First US execution of female prisoner in 67 years interrupted

MISSION, KAN. – Judge granted reprieve in what was to be the US government’s first execution of an inmate in nearly seven decades – Kansas woman who killed pregnant woman in Missouri, cut baby from her womb and makes the newborn look like his own.

Judge Patrick Hanlon granted the stay on Monday night, citing the need to determine Montgomery’s mental competence, the Topeka Capital-Journal reported. Lisa Montgomery was executed on Tuesday at the Federal Correctional Complex in Terre Haute, Indiana, just eight days before President-elect Joe Biden took office, opposing the federal death penalty.

Montgomery drove about 273.59 miles from his farm in Melvern, Kansas, to the town of Skidmore, northwest Missouri, under the guise of

7; adopt a terrier puppy from Bobbie Jo Stinnett, a 23 year old dog breeder. She strangled Stinnett with a rope before performing a rude Caesarean section and running away with the baby.

She was arrested the next day after showing the premature baby, Victoria Jo, who is now 16 and has not spoken publicly about the tragedy.

“As we walked through the threshold, our Amber Alert was playing on the television at that very moment,” recalls Randy Strong, then part of the Northwest Missouri Major Case Team.

He looked to his right and saw Montgomery holding the newborn baby and was showered with relief when she handed it over to law enforcement. The previous hours had been blurry in which he photographed Stinnett’s body and spent a sleepless night looking for clues – not knowing if the baby was dead or alive and no idea what she looked like.

But then advice began to come in about Montgomery, who had a history of a false pregnancy and suddenly had a baby. Strong, now sheriff of Nodaway County, where the murder took place, jumped into an unmarked car with another officer. He learned along the way that the fischer4kidsΓåòhotmail.com email address that was used to set up the deadly reunion with Stinnett had been sent from a dial-up connection to Montgomery’s home.

“I absolutely knew I was walking into the killer’s house,” Strong recalls, saying that rat burrows were running around his feet as he approached his house. Like Stinnett, Montgomery also bred rat terriers.

Bobbie Jo Stinnett’s mother Becky Harper sobbed as she told a Missouri dispatcher that she had tripped over her daughter in a pool of blood, her belly open and the child she was carrying missing.

“It’s like she’s blown up or something,” Harper told the dispatcher on Dec. 16, 2004, in the desperate but unsuccessful attempt to get help for her daughter.

Prosecutors said her motive was that Stinnett’s ex-husband knew she had undergone a tubal ligation which made her sterile and planned to reveal that she was lying about being pregnant in an attempt to obtain custody of two of their four children. Needing a baby before a fast-approaching court date, Montgomery focused on Stinnett, whom she had met at dog shows.

Montgomery’s lawyers, however, argued that Montgomery’s childhood sexual abuse led to mental illness. Lawyer Kelley Henry spoke out in favor of Monday’s ruling, saying in a statement to Capital-Journal that “Ms. Montgomery suffers from brain damage and serious mental illnesses which were exacerbated by the sexual torture she suffered. suffered throughout his life at the hands of guardians ”.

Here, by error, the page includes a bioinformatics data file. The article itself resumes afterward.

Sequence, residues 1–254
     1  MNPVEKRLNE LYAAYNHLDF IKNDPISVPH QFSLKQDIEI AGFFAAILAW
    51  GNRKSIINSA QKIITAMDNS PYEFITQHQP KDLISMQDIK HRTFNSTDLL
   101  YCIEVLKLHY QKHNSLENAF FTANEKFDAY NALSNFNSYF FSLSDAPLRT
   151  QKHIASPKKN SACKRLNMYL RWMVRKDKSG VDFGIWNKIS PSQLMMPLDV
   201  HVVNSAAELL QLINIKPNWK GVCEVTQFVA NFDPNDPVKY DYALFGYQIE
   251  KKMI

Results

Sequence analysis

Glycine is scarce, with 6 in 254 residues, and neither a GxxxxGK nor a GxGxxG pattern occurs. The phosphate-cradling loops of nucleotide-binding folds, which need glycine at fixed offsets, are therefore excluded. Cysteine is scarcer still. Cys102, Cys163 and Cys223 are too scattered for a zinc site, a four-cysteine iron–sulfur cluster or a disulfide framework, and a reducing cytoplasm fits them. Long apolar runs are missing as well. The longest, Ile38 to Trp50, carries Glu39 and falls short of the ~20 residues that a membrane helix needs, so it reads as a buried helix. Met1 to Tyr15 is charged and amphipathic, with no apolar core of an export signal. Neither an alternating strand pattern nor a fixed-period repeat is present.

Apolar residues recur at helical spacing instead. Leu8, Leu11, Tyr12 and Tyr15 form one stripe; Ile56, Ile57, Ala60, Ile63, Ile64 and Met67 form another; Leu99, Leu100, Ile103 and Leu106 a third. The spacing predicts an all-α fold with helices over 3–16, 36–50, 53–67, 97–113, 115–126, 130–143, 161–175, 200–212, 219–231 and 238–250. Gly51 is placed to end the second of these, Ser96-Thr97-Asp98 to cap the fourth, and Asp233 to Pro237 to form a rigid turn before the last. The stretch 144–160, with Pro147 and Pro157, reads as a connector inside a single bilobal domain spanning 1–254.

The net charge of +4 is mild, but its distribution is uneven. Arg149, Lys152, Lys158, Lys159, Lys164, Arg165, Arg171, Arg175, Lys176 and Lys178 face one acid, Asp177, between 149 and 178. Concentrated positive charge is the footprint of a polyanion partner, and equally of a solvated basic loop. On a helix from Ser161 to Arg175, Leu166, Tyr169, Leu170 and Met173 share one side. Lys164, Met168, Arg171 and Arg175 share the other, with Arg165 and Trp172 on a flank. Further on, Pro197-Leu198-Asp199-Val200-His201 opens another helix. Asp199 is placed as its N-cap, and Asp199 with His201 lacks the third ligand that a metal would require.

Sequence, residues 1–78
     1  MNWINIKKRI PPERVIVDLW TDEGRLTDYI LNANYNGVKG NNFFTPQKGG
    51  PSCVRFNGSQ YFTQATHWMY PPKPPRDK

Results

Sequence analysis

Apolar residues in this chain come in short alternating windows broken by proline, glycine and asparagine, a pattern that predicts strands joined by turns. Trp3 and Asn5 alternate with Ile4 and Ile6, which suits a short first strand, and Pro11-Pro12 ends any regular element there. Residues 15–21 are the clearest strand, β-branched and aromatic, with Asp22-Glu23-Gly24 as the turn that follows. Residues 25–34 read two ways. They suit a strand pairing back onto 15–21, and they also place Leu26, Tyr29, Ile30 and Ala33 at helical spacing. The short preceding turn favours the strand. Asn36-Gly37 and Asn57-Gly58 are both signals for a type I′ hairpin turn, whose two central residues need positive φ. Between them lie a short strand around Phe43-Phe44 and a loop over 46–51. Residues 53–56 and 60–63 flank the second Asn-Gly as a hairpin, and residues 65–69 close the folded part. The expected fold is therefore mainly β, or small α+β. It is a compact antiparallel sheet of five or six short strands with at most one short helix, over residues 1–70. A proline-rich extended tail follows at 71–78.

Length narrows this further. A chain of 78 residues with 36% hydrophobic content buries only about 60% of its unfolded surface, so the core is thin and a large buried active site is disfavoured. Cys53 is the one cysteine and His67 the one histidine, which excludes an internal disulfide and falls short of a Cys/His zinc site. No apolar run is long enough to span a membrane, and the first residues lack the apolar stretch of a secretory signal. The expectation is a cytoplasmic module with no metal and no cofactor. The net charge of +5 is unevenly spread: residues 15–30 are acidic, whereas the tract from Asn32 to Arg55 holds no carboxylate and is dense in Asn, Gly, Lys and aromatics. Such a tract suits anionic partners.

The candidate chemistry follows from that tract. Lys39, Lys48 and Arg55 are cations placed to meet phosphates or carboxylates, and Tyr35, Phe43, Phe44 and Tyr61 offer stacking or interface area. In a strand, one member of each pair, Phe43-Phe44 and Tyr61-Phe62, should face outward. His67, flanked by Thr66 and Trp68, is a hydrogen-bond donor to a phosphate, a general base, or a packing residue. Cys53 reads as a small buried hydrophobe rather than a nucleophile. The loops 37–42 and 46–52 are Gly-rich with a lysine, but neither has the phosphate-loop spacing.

His stepfather denied the sexual abuse in videotaped testimony and said he did not have a good memory when faced with a transcript of a divorce proceeding in which he admitted physical abuse. Her mother said she never filed a complaint with the police because he threatened her and her children.

But jurors who heard the case, some crying through the gruesome testimony, ignored the defense in sentencing her for kidnapping resulting in death.

Prosecutors argued that Stinnett had regained consciousness and attempted to defend himself as Montgomery used a kitchen knife to cut the little girl off her stomach. Later that day, Montgomery called her husband to pick her up from the parking lot of a Long John Silver’s in Topeka, Kansas, telling her that she delivered the baby earlier that day at a birthing center. neighbour.

She ended up confessing and the bloodied rope and knife used to kill Stinnett were found in her car. A search on her computer showed that she was using it to search for cesarean sections and order a birthing kit.

Stinnett’s husband Zeb told jurors his world “fell apart” when he learned his wife was dead. He said he did not return for months to the couple’s home in Skidmore, a small farming community that had gained notoriety after the 1981 murder of town bully Ken Rex McElroy in front of a crowd. who refused to implicate the assassin (s). This crime was recounted in a book “In Broad Daylight”, as well as in a TV movie, the movie “Without Mercy” and the miniseries “No One Saw a Thing”.

Recently, on Victoria Jo’s birthday, he sent Strong, the sheriff, a message via Facebook Messenger thanking him.

“I just cried,” Strong recalls. “She’ll be constantly reminded of this, whether it’s in her nightmares or someone calls her and wants to interview her.” The family does not want to be interviewed. They want to be left alone. The community of Skidmore has had a troubling past and history. They didn’t want that. They didn’t deserve this. “

Montgomery was originally scheduled to be put to death on December 8. But the execution was temporarily blocked after his lawyers contracted the coronavirus visiting him in prison.

The resumption of federal executions after a 17-year hiatus began on July 14. Anti-death penalty groups have said President Donald Trump is pushing for executions ahead of the November election in a cynical attempt to build a reputation as a leader of law and order. .

US officials have described the executions as bringing long-delayed justice to the victims and their families.

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